Virtual Reality (VR) sickness occurs when exposure to a virtual environment causes symptoms that are similar to motion sickness, and has been one of the major user experience barriers of VR. To reduce VR sickness, prior work has explored dynamic field-of-view modification and galvanic vestibular stimulation (GVS) that recouples the visual and vestibular systems.
We propose a new approach to reduce VR sickness that applies alternating haptic cues that are synchronized to users' footsteps in VR. Our prototype consists of two servos with padded swing arms, one set on each side of the head, that lightly taps the head as users walk in VR.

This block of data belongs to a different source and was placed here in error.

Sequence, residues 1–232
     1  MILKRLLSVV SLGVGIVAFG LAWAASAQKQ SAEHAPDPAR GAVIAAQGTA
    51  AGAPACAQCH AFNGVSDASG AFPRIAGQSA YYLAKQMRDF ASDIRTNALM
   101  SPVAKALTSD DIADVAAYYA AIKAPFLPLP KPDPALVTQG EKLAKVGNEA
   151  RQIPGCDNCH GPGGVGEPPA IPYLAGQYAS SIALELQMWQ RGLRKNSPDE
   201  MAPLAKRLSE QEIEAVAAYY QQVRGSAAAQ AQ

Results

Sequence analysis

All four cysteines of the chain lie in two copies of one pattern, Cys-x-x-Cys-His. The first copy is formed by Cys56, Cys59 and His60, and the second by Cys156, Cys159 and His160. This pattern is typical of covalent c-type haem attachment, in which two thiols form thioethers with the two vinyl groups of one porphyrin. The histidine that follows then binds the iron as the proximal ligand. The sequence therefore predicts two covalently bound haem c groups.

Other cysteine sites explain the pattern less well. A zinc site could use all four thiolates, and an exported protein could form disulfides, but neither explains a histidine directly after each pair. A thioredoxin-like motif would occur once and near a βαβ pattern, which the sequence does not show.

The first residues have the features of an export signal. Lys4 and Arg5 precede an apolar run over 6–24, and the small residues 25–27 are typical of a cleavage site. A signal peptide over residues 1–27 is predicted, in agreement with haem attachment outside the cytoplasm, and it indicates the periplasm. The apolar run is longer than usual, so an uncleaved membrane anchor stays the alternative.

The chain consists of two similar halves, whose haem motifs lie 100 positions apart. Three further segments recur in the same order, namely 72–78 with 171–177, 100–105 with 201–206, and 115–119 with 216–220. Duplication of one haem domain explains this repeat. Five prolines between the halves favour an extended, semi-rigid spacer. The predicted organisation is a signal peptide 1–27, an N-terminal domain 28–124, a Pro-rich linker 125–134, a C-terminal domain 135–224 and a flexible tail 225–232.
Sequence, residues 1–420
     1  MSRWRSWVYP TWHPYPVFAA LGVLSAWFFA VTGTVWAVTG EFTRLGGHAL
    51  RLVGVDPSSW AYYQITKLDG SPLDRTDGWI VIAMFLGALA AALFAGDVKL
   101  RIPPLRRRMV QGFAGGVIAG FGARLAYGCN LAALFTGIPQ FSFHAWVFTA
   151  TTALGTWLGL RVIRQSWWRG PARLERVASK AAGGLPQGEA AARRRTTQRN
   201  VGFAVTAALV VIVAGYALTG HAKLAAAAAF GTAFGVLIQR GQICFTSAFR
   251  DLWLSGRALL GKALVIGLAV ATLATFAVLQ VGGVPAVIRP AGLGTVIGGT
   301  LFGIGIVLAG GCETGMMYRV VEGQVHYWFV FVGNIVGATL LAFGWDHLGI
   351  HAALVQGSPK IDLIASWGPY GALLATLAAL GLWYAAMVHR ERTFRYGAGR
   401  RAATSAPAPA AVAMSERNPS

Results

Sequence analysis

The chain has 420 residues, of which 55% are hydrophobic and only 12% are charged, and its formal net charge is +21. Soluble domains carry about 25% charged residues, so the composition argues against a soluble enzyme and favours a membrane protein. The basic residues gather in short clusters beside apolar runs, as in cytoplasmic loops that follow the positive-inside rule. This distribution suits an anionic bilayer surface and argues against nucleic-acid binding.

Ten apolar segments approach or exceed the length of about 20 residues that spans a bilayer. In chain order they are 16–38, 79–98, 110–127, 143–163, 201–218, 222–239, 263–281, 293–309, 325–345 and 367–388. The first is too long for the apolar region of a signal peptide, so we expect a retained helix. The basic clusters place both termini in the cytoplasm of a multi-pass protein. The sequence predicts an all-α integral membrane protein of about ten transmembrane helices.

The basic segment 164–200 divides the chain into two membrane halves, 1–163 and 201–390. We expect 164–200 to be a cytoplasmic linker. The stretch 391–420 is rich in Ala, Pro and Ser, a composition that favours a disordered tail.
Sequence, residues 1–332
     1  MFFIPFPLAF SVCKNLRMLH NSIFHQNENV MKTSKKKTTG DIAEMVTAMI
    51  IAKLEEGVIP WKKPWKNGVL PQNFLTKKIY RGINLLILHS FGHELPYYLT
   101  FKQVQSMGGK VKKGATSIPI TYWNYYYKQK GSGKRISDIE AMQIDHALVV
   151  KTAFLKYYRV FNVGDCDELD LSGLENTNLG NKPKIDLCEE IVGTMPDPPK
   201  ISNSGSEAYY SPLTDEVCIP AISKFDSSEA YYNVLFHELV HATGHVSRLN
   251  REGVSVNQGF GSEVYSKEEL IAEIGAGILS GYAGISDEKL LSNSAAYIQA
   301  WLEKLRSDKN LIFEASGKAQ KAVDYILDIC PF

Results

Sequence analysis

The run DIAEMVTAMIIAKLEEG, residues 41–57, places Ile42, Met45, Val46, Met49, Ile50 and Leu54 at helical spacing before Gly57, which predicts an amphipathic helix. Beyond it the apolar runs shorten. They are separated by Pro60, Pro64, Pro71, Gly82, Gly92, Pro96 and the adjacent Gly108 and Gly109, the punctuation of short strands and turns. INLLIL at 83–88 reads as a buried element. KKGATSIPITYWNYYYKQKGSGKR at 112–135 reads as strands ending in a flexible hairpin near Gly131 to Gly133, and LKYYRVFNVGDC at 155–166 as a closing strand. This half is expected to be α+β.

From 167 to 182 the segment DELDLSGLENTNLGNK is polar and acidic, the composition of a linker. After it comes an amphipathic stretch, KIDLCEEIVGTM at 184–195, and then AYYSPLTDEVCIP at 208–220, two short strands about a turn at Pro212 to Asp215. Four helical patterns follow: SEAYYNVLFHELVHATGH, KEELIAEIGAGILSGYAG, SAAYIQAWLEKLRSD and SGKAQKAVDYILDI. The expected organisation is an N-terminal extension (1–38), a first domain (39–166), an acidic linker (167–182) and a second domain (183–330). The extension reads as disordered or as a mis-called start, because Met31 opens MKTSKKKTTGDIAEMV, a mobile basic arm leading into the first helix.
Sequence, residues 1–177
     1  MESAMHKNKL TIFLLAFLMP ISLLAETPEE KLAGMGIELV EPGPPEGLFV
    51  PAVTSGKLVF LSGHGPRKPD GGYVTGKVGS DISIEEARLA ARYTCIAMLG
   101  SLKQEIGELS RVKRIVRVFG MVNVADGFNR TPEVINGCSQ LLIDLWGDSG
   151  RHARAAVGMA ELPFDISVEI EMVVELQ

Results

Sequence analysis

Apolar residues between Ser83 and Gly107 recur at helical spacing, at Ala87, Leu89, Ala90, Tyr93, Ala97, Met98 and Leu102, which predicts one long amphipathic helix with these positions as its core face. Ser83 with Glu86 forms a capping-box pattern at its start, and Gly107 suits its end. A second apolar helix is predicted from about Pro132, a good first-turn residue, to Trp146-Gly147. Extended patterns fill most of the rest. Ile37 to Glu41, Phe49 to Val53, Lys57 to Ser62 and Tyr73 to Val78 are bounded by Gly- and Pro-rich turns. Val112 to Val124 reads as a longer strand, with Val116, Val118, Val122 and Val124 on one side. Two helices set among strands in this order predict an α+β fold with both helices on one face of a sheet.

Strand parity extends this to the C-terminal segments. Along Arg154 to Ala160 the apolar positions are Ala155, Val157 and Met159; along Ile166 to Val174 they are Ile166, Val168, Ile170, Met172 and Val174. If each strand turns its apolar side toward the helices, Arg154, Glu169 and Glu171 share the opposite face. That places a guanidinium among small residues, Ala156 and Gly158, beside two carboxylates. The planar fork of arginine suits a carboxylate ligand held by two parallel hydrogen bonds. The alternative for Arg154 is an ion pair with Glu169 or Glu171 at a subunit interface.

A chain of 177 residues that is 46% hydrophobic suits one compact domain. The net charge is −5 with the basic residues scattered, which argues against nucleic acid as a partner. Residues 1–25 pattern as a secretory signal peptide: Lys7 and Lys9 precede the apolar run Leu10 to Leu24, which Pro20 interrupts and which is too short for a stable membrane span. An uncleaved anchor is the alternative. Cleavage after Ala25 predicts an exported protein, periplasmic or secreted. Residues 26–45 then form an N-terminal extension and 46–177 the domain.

We conducted a three-session, multi-day user study with 30 participants to evaluate its effects as users navigate through a VR environment while physically being seated. Results show that our approach significantly reduces VR sickness during the initial exposure while remaining comfortable to users.
- 1st author, presenter
- Software prototyping in Unity: Camera oscillation, controller-based movement, replicating mechanism from prior work, study scene implementation
- Hardware prototyping: Arduino and servo motors
- Designed and conducted pilot and formal experiments
- Quantitive data analysis
- Paper writing and revision
Thanks Prof. Neng-Hao Yu, Prof. Liwei Chan and Prof. Mike Y Chen for their ideation and supervision of the project; Yi-Hao Peng for his assistance on writing the paper; friends from NCCU IUI Lab for helping with the studies.